Monday, Jul 15, 2019
HomeSaving GraceLet us do what we are called to do

Let us do what we are called to do

“Jesus left there and went to his hometown, accompanied by his disciples. When the Sabbath came, he began to teach in the synagogue, and many who heard him were amazed.

“Where did this man get these things?” they asked. “What’s this wisdom that has been given him? What are these remarkable miracles he is performing? Isn’t this the carpenter? Isn’t this Mary’s son and the brother of James, Joseph, Judas and Simon? Aren’t his sisters here with us?” And they took offense at him.

Jesus said to them, “A prophet is not without honor except in his own town, among his relatives and in his own home.” He could not do any miracles there, except lay his hands on a few sick people and heal them. He was amazed at their lack of faith.” — Mark 6:1-6

To be rejected by strangers is expected, however, when one’s own people rejects one, then it is disheartening. It was not long ago when we Bahamians rejected our own local doctors in favor of those abroad, even though they went to the same universities and probably got better grades than those abroad.

In the above text Jesus made a visit to his hometown and was rejected by his own people. The people would not accept him because they reasoned that he was the son of a woman whom they knew quite well. Furthermore, his brothers lived in their community.

Even though the miracles that he performed and the wisdom he displayed amazed them, they would not accept him. Having grown up in their community, they were not aware that he had studied with any of the great rabbis, or that he received instructions from any prominent institution outside of the community. Consequently, they would not accept him.

His family was not of substance, nor was his family of prominence within the community. They could not give an appropriate answer to the questions they had about him, therefore they had to dismiss him as probably crazy.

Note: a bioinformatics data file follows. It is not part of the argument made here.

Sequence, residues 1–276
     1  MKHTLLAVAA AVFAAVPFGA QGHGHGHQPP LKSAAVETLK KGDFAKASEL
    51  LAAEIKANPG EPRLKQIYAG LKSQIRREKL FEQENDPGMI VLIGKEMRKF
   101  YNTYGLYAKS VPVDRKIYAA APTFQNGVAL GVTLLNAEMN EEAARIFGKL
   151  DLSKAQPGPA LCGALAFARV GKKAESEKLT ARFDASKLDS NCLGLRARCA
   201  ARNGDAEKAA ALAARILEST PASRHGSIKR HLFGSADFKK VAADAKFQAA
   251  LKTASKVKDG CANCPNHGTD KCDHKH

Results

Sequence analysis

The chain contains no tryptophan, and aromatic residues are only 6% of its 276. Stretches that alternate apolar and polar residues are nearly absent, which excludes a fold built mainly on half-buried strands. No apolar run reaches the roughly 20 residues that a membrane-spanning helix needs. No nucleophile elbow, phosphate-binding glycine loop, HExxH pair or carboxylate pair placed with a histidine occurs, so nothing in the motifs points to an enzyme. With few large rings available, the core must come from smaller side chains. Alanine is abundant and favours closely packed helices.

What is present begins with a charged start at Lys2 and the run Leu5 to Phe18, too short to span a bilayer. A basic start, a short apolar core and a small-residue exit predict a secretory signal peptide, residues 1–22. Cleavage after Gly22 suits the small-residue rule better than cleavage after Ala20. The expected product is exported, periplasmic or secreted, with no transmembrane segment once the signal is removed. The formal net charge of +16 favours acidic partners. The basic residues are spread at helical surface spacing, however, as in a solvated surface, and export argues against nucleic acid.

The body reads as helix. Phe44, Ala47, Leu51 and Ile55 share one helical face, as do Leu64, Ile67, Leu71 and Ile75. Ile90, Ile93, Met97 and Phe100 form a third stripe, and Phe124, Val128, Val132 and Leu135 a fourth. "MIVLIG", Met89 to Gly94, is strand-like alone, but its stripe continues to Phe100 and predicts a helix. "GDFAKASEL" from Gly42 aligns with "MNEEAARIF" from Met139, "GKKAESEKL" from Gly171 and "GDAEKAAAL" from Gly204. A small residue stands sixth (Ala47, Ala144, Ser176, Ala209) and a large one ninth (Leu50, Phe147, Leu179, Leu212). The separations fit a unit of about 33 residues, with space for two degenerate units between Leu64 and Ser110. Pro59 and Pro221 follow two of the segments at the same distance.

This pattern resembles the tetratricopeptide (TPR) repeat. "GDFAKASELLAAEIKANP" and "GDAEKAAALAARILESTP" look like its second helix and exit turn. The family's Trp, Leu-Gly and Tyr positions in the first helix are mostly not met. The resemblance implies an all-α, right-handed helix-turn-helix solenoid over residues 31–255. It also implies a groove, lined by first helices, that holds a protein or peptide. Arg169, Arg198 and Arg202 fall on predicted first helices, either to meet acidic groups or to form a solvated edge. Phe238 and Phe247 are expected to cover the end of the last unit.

The people were disputing the messenger and as a result rejecting the message. This is common in our world today. The message is being ignored because people do not like the messengers.

The people of Jesus’ hometown tried to discourage him and raised doubt in the minds of the few who would listen to him. Notwithstanding this, Jesus did not let it sway him. He continued on his mission, proclaiming the gospel.

We in the Christian church constantly encounter the same setbacks. However, we were called to proclaim the gospel, make people aware of their sins and guide them to the cross of Jesus Christ.

We cannot save anyone. It is not our responsibility to save people. Only the Holy Spirit can do that. We are to stay on course and keep focused on the gospel.

When we do what God has called us to do, we are fulfilling our calling. Yes, some people close their ears and minds to the word of God. They ridicule the church but we should not let this discourage us.

As we go forward proclaiming the good news of Jesus Christ, our Lord will guide us and give us the strength and courage to carry on, even in the face of adversity. Jesus reassures us in his own words, “And lo, I am with you always, even to the very end of the age.”

Again, don’t get caught up in trying to change the minds of people. We cannot convince the devil to serve God. Many who will hear us are his agents. They will not listen. Remember, we do not change hearts, the Holy Spirit does that. Let us do what we are called to do i.e. proclaim the good news of Jesus Christ. The Holy Spirit will do the rest. Amen.


  • Rev. Samuel M. Boodle, pastor at the Lutheran Church of Nassau, can be reached at P.O. Box N 4794, Nassau, Bahamas or telephone 323-4107; E-mail:

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